A jigsaw puzzle is a tiling puzzle that requires the assembly of often oddly shaped interlocking and mosaiced pieces. Each piece usually has a small part of a picture on it; when complete, a jigsaw puzzle produces a complete picture. In some cases, more advanced types have appeared on the market, such as spherical jigsaws and puzzles showing optical illusions.
Jigsaw puzzles were originally created by painting a picture on a flat, rectangular piece of wood, and then cutting that picture into small pieces with a jigsaw, hence the name. John Spilsbury, a London cartographer and engraver, is credited with commercializing jigsaw puzzles around 1760. Jigsaw puzzles have since come to be made primarily of cardboard.
Typical images found on jigsaw puzzles include scenes from nature, buildings, and repetitive designs. Castles and mountains are two traditional subjects. However, any kind of picture can be used to make a jigsaw puzzle; some companies offer to turn personal photographs into puzzles. Completed puzzles can also be attached to a backing with adhesive to be used as artwork.
During recent years, a range of jigsaw puzzle accessories including boards, cases, frames, and roll-up mats has become available that are designed to assist jigsaw puzzle enthusiasts.
Many puzzles are termed "fully interlocking". This means that adjacent pieces are connected in such a way that if one piece is moved horizontally, the other pieces move with it, preserving the connection. Sometimes the connection is tight enough to pick up a solved part by holding one piece.
Some fully interlocking puzzles have pieces all of a similar shape, with rounded tabs out on opposite ends, with corresponding blanks cut into the intervening sides to receive the tabs of adjacent pieces. Other fully interlocking puzzles may have tabs and blanks variously arranged on each piece, but they usually have four sides, and the numbers of tabs and blanks thus add up to four. The uniform-shaped fully interlocking puzzles, sometimes called "Japanese Style", are the most difficult, because the differences in shapes between pieces can be very subtle.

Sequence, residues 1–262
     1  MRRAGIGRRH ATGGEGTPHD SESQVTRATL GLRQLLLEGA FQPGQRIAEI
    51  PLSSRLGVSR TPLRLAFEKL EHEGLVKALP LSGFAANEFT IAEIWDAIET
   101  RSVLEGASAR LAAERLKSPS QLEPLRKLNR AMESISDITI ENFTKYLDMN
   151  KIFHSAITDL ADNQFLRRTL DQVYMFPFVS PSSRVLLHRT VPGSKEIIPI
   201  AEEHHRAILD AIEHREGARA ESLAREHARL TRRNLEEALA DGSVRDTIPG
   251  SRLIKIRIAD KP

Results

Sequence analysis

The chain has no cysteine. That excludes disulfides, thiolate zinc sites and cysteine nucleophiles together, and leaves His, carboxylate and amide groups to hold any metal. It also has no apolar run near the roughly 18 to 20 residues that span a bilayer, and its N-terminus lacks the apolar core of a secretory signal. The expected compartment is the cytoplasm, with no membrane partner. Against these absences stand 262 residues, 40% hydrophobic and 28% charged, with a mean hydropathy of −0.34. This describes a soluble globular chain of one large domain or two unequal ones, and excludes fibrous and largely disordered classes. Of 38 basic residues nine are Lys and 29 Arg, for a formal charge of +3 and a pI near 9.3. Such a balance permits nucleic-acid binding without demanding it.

Most jigsaw puzzles are square, rectangular, or round, with edge pieces that have one side that is either straight or smoothly curved to create this shape, plus four corner pieces if the puzzle is square or rectangular. Some jigsaw puzzles have edge pieces that are cut just like all the rest of the interlocking pieces, with no smooth edge, to make them more challenging. Other puzzles are designed so the shape of the whole puzzle forms a figure, such as an animal. The edge pieces may vary more in these cases.
The pieces of spherical jigsaw, like immersive panorama jigsaw, can be triangular shaped, according to the rules of tessellation of the geoid primitive.
A crossword is a word puzzle that usually takes the form of a square or a rectangular grid of white- and black-shaded squares. The game's goal is to fill the white squares with letters, forming words or phrases, by solving clues, which lead to the answers. In languages that are written left-to-right, the answer words and phrases are placed in the grid from left to right and from top to bottom. The shaded squares are used to separate the words or phrases.
Crossword grids such as those appearing in most North American newspapers and magazines feature solid areas of white squares. Every letter is checked (i.e. is part of both an "across" word and a "down" word) and usually each answer must contain at least three letters. In such puzzles shaded squares are typically limited to about one-sixth of the total. Crossword grids elsewhere, such as in Britain, South Africa, India and Australia, have a lattice-like structure, with a higher percentage of shaded squares (around 25%), leaving about half the letters in an answer unchecked. For example, if the top row has an answer running all the way across, there will often be no across answers in the second row.
Another tradition in puzzle design (in North America, India, and Britain particularly) is that the grid should have 180-degree rotational (also known as "radial") symmetry, so that its pattern appears the same if the paper is turned upside down. Most puzzle designs also require that all white cells be orthogonally contiguous (that is, connected in one mass through shared sides, to form a single polyomino).
The design of Japanese crossword grids often follows two additional rules: that shaded cells may not share a side (i.e. they may not be orthogonally contiguous) and that the corner squares must be white.